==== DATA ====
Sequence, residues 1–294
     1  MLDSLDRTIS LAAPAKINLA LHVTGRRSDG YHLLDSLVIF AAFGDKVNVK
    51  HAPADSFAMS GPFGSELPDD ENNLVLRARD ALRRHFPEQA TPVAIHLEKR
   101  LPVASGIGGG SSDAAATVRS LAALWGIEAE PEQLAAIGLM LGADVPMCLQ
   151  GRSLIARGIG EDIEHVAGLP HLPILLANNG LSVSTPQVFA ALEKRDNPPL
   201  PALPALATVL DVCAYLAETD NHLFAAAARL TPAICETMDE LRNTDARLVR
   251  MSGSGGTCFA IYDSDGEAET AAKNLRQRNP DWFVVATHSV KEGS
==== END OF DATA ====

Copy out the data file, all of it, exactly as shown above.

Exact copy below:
Sequence, residues 1–294
     1  MLDSLDRTIS LAAPAKINLA LHVTGRRSDG YHLLDSLVIF AAFGDKVNVK
    51  HAPADSFAMS GPFGSELPDD ENNLVLRARD ALRRHFPEQA TPVAIHLEKR
   101  LPVASGIGGG SSDAAATVRS LAALWGIEAE PEQLAAIGLM LGADVPMCLQ
   151  GRSLIARGIG EDIEHVAGLP HLPILLANNG LSVSTPQVFA ALEKRDNPPL
   201  PALPALATVL DVCAYLAETD NHLFAAAARL TPAICETMDE LRNTDARLVR
   251  MSGSGGTCFA IYDSDGEAET AAKNLRQRNP DWFVVATHSV KEGS